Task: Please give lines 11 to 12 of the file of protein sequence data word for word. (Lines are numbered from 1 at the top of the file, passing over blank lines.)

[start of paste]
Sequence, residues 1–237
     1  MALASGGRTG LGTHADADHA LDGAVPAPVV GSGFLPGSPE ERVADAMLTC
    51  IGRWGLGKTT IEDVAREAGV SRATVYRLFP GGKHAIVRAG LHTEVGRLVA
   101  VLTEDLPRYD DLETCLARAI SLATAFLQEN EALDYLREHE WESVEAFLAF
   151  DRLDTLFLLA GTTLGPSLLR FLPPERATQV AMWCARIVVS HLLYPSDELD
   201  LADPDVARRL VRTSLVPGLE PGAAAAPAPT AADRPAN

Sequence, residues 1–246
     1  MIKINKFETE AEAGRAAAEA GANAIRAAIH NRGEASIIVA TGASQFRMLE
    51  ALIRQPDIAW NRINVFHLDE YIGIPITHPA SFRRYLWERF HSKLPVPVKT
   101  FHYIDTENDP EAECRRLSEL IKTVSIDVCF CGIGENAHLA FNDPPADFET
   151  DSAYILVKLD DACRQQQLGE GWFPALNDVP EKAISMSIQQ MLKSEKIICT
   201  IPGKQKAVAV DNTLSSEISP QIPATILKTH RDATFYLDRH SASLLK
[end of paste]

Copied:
   151  DSAYILVKLD DACRQQQLGE GWFPALNDVP EKAISMSIQQ MLKSEKIICT
   201  IPGKQKAVAV DNTLSSEISP QIPATILKTH RDATFYLDRH SASLLK